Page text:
Kitchen & Bath Design News

MAR 2019

Kitchen & Bath Design News is the industry's leading business, design and product resource for the kitchen and bath trade.

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Page 65 of 83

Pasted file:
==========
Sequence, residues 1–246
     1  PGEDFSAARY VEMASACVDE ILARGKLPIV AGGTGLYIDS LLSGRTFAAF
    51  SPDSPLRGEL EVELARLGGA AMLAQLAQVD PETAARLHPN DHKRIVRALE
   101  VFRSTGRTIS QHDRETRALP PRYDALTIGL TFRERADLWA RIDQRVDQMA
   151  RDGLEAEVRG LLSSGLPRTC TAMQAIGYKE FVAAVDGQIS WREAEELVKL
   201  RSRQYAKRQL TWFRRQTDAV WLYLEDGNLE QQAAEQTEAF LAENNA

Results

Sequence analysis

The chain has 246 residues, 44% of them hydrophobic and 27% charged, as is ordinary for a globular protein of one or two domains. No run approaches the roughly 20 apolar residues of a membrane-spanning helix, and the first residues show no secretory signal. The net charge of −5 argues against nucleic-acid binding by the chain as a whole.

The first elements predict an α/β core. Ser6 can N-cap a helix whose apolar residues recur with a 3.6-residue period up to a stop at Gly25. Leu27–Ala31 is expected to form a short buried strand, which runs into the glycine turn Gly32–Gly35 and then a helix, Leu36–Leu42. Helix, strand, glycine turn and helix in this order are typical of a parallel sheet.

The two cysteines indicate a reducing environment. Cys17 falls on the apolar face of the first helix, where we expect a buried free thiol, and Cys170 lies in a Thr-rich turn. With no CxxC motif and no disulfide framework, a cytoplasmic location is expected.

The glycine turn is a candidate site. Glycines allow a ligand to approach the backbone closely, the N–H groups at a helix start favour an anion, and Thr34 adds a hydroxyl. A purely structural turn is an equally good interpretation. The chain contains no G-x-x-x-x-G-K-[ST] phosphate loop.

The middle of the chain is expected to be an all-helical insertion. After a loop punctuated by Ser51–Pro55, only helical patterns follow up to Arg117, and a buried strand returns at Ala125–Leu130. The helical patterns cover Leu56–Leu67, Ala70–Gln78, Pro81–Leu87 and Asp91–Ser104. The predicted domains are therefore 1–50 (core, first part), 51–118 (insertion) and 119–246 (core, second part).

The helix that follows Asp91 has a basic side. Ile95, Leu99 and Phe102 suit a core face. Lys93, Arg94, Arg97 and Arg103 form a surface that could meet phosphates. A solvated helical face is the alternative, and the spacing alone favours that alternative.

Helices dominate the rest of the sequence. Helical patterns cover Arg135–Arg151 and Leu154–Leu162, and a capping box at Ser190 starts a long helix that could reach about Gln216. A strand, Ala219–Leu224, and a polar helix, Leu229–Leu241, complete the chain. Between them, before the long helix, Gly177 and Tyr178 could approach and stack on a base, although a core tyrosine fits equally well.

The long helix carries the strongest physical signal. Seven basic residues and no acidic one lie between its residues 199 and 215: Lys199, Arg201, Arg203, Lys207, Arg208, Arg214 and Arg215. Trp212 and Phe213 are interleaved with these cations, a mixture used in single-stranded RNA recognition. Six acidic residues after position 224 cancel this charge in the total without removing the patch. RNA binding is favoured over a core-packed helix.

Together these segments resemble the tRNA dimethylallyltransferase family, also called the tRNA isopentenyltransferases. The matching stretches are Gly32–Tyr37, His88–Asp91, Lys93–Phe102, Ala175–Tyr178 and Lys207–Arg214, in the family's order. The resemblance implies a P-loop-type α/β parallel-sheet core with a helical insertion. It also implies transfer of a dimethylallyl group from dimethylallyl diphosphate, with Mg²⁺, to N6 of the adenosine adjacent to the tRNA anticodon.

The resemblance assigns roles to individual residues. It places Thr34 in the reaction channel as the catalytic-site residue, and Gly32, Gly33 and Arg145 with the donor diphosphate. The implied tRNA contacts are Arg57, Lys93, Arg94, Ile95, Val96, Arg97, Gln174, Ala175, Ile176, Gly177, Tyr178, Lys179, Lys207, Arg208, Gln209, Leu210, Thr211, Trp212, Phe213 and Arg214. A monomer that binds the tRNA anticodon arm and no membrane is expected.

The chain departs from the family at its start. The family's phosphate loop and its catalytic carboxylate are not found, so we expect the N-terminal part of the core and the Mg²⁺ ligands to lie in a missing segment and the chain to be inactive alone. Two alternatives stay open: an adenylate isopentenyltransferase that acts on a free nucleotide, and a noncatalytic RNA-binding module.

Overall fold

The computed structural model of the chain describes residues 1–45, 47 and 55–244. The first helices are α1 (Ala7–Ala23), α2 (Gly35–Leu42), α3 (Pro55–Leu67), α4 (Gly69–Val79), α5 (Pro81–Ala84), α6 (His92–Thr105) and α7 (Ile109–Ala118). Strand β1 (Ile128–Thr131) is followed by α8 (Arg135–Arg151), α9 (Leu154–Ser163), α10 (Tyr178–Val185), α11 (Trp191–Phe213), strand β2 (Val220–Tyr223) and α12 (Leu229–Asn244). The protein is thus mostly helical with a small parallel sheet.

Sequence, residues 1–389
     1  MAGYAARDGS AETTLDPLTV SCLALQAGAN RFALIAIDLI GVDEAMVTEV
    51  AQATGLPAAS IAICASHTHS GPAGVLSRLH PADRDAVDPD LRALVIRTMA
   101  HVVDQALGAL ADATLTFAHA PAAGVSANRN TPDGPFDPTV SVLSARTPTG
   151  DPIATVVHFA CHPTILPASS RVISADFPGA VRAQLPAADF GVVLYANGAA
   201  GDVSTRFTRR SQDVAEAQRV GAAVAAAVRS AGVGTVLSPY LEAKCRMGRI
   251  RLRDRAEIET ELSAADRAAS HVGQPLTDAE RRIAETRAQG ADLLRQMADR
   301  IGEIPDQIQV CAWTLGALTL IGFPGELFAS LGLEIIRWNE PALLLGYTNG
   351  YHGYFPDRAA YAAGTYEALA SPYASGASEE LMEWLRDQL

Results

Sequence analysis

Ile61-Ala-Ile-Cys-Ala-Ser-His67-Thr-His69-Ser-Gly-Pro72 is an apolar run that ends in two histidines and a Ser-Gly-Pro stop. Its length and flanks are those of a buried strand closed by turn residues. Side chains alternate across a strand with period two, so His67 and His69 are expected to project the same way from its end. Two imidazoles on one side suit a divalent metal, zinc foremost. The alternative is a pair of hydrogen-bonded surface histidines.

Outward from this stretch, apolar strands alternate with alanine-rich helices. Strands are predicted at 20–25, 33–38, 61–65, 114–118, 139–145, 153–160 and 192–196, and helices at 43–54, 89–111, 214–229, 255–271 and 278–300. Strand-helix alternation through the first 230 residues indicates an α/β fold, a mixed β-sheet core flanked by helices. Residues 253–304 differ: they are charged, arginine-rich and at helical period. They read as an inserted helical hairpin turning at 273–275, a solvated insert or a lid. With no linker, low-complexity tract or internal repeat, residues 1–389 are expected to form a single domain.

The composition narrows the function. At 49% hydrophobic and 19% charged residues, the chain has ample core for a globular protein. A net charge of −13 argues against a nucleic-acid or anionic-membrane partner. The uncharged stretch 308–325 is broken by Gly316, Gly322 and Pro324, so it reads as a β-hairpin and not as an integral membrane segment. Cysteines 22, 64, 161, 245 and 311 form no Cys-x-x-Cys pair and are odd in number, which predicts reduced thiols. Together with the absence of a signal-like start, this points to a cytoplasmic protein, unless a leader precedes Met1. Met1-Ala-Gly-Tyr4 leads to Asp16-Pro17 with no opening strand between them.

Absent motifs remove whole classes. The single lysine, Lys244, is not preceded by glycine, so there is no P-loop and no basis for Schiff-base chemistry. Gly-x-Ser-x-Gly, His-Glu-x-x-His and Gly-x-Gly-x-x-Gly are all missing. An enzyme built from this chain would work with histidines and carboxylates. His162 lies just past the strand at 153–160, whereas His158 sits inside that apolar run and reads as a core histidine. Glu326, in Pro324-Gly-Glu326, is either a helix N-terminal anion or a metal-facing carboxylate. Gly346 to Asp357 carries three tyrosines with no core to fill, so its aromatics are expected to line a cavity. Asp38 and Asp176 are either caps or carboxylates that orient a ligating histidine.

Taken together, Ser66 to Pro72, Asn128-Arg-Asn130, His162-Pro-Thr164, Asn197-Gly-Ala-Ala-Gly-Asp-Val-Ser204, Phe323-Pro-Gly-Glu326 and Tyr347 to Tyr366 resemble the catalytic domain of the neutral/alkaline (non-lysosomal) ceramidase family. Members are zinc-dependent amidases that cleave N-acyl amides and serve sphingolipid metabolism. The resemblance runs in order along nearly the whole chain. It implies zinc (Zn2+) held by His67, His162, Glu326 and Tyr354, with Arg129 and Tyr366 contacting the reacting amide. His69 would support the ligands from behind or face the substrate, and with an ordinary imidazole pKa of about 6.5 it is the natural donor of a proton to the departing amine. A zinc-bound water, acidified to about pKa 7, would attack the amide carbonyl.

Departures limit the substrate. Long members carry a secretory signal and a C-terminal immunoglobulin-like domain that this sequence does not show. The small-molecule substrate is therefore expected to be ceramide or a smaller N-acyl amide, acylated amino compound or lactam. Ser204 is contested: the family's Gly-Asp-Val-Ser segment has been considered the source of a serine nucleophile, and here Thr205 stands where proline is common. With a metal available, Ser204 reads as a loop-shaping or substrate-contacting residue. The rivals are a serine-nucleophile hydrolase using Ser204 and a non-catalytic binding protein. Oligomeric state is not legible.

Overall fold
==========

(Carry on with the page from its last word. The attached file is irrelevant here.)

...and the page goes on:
Gray is also having an on-trend moment with Tyler's cli- ents. "We are experiencing a current love of gray," she says, ad- mitting that it's a little surprising given her Pacific Northwest location. "It is a nice neutral but I try to be careful to mix it with other elements to keep it from being too cold." Oftentimes, her clients will offset it with blue – in every shade from dark navy to turquoise to baby blue – or green, frequently sea green. "But there is no wrong color," she stresses. "Each room should be as unique as the person who resides within it. There is always a way to take a unique color or tile and make it look wonderful in a space." Steinberg and Hernandez have also seen preferences towards shades of blues and greens. "I think the oversaturation of white that we've had for the past few years is driving the trend toward color," says Hernandez. However, white isn't necessarily going anywhere. "It never goes out of style," Tyler maintains. Cuadra has taken notice on social media and in publica- tions where white subway tile is being used in various pat- terns, such as chevrons, to provide a different look. In fact, the designer redid her own master bathroom in white subway tile. Cuadra and Vanderhovel have also seen people mix it up with different colors of grout to contrast the white tile. "Darker grout on white tile helps make each tile stand out a little more," he says. "If you're using white subway tile with white grout, it looks more uniform," adds Cuadra. "But if you use gray grout, the pattern will be more noticeable. I recently saw some images of bathrooms in a smaller, bungalow-style house where they used subway tile with colored grout. The theme of the house was black and white and gray, and each bath had a different color… one was teal, one was red. It sounds like it could be garish, but it was a very small grout line and it looked so smart. I thought it was genius."▪ like distressed, hand-scraped wood with sleek, modern 12"x24" tiles that are super crisp and clean. Texture can be a really fun thing to add to a bath, and I think people are enjoying mixing it into their space." Tyler notes an interest in wood-look plank tile as well as tile that resembles concrete. "When the plank tile first came out, I wasn't a huge fan," she admits. "But the technology has gotten better and there are now so many options that look just beautiful that I don't hesitate to use it. I've put it in several homes and it's a great way to create a rustic or wood look with a durable product." Like Tyler, Hernandez has seen interest in 'concrete' tile, especially in large-format sizes that he'll use on the floor. "I'll play with how it's laid out to create a pattern that makes it stand out," he says. Hernandez has noticed increased interest in handmade tile, too. "What I find really cool about these tiles is that they aren't perfect," he remarks. "They are very organic, with im- perfections that are visible and become part of the design." NEUTRALS + COLOR A discussion about trends wouldn't be complete without addressing color. Neutrals are popular with Steinberg's clients, however, they don't want their spaces to be too stark, or too modern. "They like the idea of a clean palette, but they want it to feel warm and inviting," she says. "They want to add a fun feature that keeps the space playful and friendly. Maybe ev- erything is super clean and crisp except one wall of the shower that might feature a bright blue tile. We also see a lot of people mixing modern with organic, for example, a large-format tile mixed with a pebble tile shower floor." Vanderhovel's clients lean toward spaces with a palette of cool tones…whites and grays as well as dark hues, which lend themselves to the sleek, more modern styling his clients prefer. Taupe gray, or greige, is especially popular. Many of Jason Vanderhovel's clients are looking for a more unique space and ways to make it their own, so different types of wallcoverings, such as tile, are expanding in popularity. In this bath, he showcased it on the shower wall. Vanderhovel chose to showcase cement tile on the floor of a master bath, where its bold palette helped his clients gain enough confidence to design with color. Photo: Dream Kitchens Photo: Dream Kitchens 66 Kitchen & Bath Design News • March 2019 SPRING BATH REMODELING REPORT

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